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- health economics
- public health
- prevention strategies
- diagnostics and tools
The threat of new emerging infectious diseases demands improvements in infectious disease surveillance, which crucially depends on (real-time) data sharing and new technologies.
Infectious disease surveillance can be typified as global public good, and related important obstacles are financing and removing barriers for producing and sharing information.
Public financing and provision are important to enable cost-effective disease surveillance, since otherwise optimal levels for society are unlikely to be reached.
Additional investments in infectious disease surveillance are preferably based on sound economic evaluations considering the specific characteristics of infectious disease surveillance, however, a framework for cost-effectiveness analyses capturing the specific characteristics is yet non-existent.
With the global increase in population density, urbanisation, and global travel and trade, the threat of widespread outbreaks of infectious diseases has increased relentlessly,1 as evidenced by recent examples of COVID-19 and Ebola. Further, although the most important causes of death shifted to non-communicable diseases, in some poorer parts of the world, communicable diseases remain the most important cause of death.2 Crucial in the prevention of and reaction to these threats is early detection, which demands an infectious disease surveillance system that can signal unusual events. How to set up and improve surveillance and how to prioritise investments are questions that need input from different scientific disciplines. Here, we focus on some economic considerations.
The benefits of improving disease surveillance
The best recognised purpose of disease surveillance is the (early) detection of epidemics and other health threats. New diagnostic tools such as unbiased and targeted next-generation sequencing (NGS) are being explored as options to improve surveillance as these allow to determine causes of unexplained disease outbreaks, trace and link sources of disease transmission, and facilitate a better understanding of how viruses and bacteria pass from animal to humans. With NGS, the same platforms and sometimes even the same protocols can be used for the analysis of viruses, bacteria, genes and parasites with the potential for cost saving through economies of scale (economies of scale occur when the costs per unit decrease when produced quantities increase, as total costs can be divided among more units), improving its affordability also for lower income countries.3 4 As most emerging infectious diseases are zoonotic, further improvements could come from incorporating concepts from ‘One Health’, integrating capacities across human and animal health sectors. In general, sharing data in a timely manner, both within and between sectors and countries, is expected to greatly enhance and accelerate the understanding of diseases and their patterning and reduce unit costs. Improved collaboration and data sharing could further help to reduce barriers for the adaption of new technologies through reducing current human capital constraints. For instance, limited access to the specific expertise is an important barrier for the adoption of technologies such as NGS for various countries.5 A last example of how surveillance could be improved is by limiting current workforce constraints. This was evidenced during the COVID-19 pandemic where, for instance, testing capacities were falling short at some points. Indeed, many of such improvements could also improve the effectiveness and efficiency of healthcare systems in general.6 7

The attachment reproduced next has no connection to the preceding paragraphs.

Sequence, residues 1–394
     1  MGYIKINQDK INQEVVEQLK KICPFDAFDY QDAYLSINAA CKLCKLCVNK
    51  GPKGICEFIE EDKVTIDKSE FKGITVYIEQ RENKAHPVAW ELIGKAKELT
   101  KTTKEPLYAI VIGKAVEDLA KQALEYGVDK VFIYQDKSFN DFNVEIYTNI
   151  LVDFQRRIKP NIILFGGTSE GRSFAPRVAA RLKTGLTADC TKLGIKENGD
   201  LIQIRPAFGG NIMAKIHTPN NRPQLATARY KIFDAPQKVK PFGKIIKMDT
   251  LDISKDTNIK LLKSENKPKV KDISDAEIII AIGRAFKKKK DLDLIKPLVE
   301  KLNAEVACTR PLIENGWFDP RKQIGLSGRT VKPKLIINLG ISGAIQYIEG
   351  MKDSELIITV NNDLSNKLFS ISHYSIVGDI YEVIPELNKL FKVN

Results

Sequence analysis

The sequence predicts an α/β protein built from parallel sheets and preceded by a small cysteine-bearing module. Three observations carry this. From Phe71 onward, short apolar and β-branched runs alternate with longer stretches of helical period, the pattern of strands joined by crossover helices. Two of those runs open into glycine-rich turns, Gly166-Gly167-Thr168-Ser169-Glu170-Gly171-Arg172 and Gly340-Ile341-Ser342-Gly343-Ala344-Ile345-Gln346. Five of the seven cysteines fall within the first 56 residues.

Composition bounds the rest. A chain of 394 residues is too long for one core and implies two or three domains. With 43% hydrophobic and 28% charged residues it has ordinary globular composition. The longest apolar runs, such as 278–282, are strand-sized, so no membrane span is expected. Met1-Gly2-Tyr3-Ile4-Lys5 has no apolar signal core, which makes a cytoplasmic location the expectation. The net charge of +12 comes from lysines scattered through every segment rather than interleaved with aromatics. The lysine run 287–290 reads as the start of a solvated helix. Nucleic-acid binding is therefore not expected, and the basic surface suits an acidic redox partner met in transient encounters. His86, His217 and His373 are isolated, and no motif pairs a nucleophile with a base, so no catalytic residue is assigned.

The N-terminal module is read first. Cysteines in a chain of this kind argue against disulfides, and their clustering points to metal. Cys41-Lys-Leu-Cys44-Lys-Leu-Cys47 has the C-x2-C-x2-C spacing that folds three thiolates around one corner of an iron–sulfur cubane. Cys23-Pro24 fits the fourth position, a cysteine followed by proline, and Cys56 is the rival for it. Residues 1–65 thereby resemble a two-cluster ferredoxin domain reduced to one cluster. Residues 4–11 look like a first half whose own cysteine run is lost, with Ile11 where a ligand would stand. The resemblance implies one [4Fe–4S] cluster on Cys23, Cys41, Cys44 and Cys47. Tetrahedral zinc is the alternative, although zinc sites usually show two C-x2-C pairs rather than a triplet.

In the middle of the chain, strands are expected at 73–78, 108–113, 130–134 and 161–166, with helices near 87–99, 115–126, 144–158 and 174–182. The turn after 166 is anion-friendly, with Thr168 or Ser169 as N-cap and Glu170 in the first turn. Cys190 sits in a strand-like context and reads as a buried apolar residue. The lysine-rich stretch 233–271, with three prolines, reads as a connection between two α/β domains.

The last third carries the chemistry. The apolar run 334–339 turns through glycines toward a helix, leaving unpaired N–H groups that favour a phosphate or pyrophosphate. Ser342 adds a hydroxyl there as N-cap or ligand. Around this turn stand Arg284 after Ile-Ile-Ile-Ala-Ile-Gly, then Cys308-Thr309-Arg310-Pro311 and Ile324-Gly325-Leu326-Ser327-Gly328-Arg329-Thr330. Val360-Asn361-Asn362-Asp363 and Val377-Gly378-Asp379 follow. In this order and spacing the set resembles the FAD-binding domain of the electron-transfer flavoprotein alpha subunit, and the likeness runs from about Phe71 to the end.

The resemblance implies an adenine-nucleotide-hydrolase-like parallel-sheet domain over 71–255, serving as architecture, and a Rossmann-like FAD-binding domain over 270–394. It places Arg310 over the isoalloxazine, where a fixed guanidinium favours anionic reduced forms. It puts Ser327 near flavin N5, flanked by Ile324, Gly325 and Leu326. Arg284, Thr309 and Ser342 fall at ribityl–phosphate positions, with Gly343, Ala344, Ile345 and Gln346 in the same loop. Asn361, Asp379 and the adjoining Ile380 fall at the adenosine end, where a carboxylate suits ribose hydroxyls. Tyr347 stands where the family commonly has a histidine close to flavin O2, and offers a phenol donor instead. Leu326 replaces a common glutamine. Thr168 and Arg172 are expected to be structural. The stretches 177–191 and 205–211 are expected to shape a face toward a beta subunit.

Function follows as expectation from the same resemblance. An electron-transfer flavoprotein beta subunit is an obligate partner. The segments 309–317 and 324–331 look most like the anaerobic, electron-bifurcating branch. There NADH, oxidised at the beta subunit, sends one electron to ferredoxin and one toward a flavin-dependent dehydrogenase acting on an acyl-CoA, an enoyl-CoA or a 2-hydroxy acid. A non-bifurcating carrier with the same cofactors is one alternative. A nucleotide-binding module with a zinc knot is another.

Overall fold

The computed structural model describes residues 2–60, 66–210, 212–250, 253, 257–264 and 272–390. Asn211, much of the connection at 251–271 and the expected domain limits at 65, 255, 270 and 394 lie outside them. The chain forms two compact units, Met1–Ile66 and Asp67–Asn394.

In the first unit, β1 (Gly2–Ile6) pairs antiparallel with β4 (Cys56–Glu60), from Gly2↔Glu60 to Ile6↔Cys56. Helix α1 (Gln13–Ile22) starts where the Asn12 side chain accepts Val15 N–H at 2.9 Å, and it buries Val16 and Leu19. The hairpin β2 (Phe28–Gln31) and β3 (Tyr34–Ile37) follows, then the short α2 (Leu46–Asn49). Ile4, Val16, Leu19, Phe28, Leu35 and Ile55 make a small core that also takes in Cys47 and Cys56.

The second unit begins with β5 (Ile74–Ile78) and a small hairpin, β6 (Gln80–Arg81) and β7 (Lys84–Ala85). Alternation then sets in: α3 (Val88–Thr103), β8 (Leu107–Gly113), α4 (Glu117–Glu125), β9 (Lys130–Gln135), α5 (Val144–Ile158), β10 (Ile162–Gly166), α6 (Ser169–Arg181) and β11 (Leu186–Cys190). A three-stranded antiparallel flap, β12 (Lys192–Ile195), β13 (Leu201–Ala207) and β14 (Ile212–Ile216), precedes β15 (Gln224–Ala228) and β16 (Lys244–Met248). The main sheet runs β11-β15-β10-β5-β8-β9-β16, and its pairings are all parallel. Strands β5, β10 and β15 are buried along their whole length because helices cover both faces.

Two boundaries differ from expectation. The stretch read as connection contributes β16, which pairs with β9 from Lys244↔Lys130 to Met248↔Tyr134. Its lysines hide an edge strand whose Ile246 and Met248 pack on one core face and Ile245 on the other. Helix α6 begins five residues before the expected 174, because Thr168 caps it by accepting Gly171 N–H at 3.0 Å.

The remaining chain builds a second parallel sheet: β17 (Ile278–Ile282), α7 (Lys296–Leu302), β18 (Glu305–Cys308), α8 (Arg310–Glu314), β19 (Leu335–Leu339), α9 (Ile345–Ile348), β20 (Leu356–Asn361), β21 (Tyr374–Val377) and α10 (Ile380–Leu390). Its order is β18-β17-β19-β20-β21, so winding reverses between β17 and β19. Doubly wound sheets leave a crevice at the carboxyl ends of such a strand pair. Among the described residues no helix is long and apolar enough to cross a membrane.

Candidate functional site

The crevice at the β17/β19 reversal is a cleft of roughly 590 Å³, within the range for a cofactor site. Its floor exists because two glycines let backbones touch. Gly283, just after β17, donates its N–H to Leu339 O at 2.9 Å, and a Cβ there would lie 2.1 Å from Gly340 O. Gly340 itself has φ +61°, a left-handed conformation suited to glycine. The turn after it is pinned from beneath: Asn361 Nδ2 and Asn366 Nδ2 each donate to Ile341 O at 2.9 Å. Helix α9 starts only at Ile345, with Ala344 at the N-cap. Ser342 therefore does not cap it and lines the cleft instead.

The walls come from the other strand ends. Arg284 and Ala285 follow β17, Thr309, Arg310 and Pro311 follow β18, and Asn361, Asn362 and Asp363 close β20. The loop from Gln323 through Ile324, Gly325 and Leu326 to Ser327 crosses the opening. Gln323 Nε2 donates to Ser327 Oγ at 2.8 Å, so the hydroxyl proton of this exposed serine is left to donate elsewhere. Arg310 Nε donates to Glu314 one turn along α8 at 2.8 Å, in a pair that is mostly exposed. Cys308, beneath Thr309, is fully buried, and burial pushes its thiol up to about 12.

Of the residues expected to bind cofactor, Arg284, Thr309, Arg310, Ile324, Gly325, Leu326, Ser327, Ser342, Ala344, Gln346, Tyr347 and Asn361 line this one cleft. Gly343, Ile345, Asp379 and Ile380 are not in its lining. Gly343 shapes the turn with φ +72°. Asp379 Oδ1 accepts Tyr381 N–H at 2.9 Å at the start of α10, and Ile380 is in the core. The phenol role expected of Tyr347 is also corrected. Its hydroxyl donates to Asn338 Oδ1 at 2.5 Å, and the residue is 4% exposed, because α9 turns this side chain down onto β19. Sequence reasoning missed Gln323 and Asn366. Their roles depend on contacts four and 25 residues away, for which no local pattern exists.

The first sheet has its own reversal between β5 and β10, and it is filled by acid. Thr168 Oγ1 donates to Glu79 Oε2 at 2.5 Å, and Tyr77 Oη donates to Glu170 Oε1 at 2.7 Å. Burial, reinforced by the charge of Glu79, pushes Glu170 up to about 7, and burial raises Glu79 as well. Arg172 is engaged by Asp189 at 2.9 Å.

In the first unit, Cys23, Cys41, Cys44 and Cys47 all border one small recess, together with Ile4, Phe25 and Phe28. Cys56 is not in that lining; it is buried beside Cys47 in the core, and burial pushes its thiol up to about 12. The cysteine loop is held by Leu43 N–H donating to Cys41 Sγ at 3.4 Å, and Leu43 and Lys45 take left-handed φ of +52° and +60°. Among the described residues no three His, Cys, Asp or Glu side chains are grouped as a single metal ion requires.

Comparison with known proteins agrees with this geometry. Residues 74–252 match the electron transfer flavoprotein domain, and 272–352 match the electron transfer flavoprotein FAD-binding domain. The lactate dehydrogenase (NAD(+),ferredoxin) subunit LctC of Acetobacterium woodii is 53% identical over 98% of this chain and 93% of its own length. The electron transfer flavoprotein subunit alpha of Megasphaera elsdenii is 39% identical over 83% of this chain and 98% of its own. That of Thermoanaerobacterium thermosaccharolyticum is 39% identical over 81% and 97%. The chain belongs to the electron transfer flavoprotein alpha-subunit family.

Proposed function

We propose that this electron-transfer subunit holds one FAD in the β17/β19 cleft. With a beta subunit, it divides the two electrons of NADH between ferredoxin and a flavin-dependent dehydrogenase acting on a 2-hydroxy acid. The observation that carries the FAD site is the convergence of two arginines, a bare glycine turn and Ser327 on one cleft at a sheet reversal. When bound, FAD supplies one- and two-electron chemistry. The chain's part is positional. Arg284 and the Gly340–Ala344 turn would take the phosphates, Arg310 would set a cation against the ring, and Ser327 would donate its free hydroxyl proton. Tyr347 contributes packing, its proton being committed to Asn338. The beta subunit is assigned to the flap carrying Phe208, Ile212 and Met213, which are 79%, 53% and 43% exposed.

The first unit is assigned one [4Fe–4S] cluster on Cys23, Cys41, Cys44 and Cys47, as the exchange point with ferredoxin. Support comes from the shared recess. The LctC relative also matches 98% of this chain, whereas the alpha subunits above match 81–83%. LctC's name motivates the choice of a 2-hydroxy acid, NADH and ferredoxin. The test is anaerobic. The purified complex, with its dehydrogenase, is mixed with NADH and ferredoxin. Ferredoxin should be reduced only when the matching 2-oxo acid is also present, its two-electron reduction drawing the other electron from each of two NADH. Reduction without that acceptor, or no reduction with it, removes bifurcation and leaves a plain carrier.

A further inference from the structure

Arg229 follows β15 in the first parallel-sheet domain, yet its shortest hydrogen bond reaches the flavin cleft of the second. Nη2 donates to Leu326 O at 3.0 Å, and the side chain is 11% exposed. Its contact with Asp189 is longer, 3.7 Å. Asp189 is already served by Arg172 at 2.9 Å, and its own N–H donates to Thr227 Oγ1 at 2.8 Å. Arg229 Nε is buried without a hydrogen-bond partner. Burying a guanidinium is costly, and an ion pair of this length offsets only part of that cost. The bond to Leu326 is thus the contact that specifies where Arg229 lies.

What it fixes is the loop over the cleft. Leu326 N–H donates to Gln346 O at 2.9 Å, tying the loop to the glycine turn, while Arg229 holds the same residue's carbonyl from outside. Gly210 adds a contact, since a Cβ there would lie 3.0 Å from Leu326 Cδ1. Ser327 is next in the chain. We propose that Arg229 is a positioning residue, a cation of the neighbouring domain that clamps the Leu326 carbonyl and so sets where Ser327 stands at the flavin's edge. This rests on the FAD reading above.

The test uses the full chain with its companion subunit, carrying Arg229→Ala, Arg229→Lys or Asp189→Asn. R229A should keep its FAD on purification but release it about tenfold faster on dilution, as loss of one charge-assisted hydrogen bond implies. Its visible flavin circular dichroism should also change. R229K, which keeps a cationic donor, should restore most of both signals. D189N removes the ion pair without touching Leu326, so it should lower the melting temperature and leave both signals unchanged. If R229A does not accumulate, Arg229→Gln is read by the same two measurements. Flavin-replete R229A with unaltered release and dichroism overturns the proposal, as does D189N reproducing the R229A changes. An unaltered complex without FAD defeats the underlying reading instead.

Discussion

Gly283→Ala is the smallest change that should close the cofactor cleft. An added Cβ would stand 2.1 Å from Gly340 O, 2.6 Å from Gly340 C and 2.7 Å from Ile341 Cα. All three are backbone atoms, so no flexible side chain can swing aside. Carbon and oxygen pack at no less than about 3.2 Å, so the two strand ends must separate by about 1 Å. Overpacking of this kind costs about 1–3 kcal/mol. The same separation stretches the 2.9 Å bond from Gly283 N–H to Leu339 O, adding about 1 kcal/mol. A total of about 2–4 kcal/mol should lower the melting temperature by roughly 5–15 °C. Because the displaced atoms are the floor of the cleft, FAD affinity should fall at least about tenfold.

Incentives for research and data sharing
Currently, there are limited incentives and a lack of appropriate infrastructure for data sharing, which requires a clear governance structure that ensures a balance between privacy and access and adheres to (inter)national ethical and legal requirements. Solutions have been proposed for many of the issues limiting timely sharing of data in genomics research.5 An example of an initiative to enhance data sharing is the model for improving disease surveillance set by the Collaborative Management Platform for detection and Analyses of (Re-)emerging and foodborne outbreaks (COMPARE) and its sequel Versatile Emerging infectious disease Observator (VEO) (https://www.compare-europe.eu; https://www.compare-europe.eu/VEO). The project aims to develop a global platform for sharing and analysing NGS data that are customisable so groups of users can share data rapidly when needed while retaining ownership.3
Financing disease surveillance and the ‘global public good’ concept
Hossain and colleagues8 found that low-income and middle-income countries spend an annual median of $0.04 per capita on vaccine-preventable disease surveillance. The Organization for Economic Cooperation and Development provides estimates of spending on epidemiological surveillance and risk and disease control programmes for 2018 ranging from 0.002% (Luxembourg) to 0.9% (Switzerland) of total healthcare expenditures. Recent research on the willingness to pay for surveillance in the EU found that, on average, people are willing to spend €264/year, which roughly translates into 5% of total health spending.9 Based on this, it could be argued that within the EU currently too little is spent on disease surveillance.